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MC Course Helps Expand Access To Child Care

Finding quality and affordable child care options for young children is challenging for Montgomery County parents. According to the Child Care in Montgomery County report, published in 2015 by the Office of Legislative Oversight, “The availability of child care for children under two is limited across the county.” The report counts at least four children for every available slot in that age group.

To meet this need, the Community Engagement together with the WD&CE Early Childhood Education Department began offering a free child care provider 90-hour MSDE (Maryland State Department of Education) required course. The course prepares students to work at a child care center or open a family child care. In June 2017, the Montgomery College Foundation received a $20,000 grant from the Bank of America Charitable Foundation, providing funding for several additional classes that participants must complete as part of the requirements to open a family child care. The grant, Pathways to Meaningful Employment/Entrepreneurship in Family Child Care, includes individual advising for participants regarding all legal and financial aspects of opening their own business.

“Most of our students did not have access to computers, so we opened up the computer lab at our centers to make sure they could work on their papers/projects and have access to printers,” said Susan Ucanay, community engagement manager. “We also provided one-on-one assistance because that’s what they need to successfully complete the program and start improving their current living situation.”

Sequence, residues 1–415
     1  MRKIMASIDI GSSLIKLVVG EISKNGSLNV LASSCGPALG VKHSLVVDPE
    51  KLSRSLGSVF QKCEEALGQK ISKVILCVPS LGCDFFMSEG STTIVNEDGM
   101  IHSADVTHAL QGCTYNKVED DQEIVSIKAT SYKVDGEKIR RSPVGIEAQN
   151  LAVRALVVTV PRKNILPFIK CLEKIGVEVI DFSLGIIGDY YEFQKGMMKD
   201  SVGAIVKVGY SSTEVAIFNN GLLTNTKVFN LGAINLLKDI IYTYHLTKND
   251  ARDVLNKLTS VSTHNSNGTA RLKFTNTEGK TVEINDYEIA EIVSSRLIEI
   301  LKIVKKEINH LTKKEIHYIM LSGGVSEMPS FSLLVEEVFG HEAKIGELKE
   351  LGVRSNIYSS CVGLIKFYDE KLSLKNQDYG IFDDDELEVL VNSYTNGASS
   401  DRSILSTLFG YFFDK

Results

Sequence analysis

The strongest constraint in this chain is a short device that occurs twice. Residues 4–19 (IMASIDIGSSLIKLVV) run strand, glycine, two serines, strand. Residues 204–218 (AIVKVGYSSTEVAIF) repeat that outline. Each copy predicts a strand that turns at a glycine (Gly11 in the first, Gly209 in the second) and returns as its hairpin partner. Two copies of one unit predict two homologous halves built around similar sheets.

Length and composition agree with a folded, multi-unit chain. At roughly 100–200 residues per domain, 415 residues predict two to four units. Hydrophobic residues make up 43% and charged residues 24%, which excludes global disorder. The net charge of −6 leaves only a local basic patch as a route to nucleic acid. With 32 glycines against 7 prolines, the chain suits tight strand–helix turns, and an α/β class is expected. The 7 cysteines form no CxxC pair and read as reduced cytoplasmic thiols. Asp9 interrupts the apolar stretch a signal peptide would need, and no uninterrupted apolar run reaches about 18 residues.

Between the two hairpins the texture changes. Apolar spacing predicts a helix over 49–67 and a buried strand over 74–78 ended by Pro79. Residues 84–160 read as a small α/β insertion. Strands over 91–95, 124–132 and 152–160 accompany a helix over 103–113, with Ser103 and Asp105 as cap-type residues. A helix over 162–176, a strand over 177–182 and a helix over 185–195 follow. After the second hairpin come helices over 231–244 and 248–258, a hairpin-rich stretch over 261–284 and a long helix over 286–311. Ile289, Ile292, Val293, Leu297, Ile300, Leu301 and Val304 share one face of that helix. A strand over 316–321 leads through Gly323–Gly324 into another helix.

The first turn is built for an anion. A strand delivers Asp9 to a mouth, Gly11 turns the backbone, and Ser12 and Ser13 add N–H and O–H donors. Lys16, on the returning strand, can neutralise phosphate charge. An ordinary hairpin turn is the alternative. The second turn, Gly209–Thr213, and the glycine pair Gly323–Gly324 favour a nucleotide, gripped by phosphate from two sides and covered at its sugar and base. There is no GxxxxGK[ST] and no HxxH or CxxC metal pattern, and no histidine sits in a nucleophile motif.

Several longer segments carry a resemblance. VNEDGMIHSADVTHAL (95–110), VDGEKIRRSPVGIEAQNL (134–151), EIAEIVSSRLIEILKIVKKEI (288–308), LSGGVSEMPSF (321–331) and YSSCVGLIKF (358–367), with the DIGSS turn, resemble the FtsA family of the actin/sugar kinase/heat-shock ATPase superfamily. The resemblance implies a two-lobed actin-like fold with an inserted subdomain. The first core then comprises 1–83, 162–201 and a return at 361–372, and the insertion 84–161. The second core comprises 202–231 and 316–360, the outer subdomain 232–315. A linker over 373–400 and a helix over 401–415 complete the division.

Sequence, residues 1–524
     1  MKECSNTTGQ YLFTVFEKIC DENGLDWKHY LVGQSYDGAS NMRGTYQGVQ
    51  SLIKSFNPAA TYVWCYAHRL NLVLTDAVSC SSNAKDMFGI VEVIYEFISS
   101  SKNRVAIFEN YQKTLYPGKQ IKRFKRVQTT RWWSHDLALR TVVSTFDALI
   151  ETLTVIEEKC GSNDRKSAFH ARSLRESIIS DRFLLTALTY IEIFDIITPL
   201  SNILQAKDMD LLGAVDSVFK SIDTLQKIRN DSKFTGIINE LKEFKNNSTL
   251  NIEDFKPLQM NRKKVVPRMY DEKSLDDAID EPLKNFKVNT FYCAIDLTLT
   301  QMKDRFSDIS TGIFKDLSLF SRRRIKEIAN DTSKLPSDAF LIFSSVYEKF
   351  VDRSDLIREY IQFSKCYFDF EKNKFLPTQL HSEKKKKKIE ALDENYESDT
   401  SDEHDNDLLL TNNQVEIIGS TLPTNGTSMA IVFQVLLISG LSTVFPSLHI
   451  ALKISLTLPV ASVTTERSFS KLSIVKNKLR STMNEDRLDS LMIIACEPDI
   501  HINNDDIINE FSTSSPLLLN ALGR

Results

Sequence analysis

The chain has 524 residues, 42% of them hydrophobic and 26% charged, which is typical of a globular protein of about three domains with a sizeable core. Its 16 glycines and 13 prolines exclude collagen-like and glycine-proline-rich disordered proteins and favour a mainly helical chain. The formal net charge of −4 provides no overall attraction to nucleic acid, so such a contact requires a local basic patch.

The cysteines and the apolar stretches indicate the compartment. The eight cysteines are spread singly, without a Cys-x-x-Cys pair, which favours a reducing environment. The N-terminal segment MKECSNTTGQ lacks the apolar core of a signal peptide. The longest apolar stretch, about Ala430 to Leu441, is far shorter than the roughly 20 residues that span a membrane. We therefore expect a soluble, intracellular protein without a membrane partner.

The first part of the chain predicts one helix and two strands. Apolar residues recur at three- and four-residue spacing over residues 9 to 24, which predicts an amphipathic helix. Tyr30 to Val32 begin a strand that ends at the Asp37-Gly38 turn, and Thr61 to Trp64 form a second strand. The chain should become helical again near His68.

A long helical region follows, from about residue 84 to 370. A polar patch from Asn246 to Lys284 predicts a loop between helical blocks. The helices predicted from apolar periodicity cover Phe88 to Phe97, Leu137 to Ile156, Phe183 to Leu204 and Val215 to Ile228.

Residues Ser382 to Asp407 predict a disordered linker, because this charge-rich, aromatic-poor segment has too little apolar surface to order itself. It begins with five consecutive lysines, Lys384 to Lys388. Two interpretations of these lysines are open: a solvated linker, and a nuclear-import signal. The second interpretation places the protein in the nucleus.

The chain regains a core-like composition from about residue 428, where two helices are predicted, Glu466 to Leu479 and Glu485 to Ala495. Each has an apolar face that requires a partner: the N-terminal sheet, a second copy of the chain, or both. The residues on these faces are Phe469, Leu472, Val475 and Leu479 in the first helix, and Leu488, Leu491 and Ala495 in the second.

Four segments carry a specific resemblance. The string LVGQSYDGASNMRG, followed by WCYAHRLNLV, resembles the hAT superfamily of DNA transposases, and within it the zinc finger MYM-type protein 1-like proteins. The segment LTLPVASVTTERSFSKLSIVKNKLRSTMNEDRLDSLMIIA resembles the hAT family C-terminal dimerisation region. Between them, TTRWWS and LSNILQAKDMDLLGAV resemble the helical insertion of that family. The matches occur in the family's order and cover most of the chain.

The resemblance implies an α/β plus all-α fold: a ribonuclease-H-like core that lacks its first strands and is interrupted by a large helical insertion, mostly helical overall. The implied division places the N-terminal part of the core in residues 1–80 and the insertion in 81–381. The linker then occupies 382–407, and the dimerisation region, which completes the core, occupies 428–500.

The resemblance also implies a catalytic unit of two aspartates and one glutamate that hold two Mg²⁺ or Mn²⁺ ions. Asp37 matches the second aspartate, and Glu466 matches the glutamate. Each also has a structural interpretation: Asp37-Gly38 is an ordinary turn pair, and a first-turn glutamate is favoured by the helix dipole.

Last month, 21 students received a certificate of completion at the College’s East County Community Engagement Center. Many of them attended the 15-week course at East County; others attended the Gaithersburg Community Engagement Center at the Gaithersburg Library.

“We have a county that has a high need for infant and toddler care—and for trained staff,” said Dr. Kathi Carey-Fletcher.

She said many of her students are immigrants, mainly from Ethiopia, looking to continue their career as teachers or to change careers.

The participants did not know each other when the course started. But they built a community over almost four months, sharing a potluck brunch at their graduation ceremony. Some of them even discussed opening a child care center together in the future.

Emebet Negash, originally from Ethiopia, cared for her two kids at home while taking the course. “We learned how to prepare curriculum and lesson plans [for preschool children]. The support of the college was very helpful,” she said. Her short-term plan is to start working in a center, and later, open her own facility.

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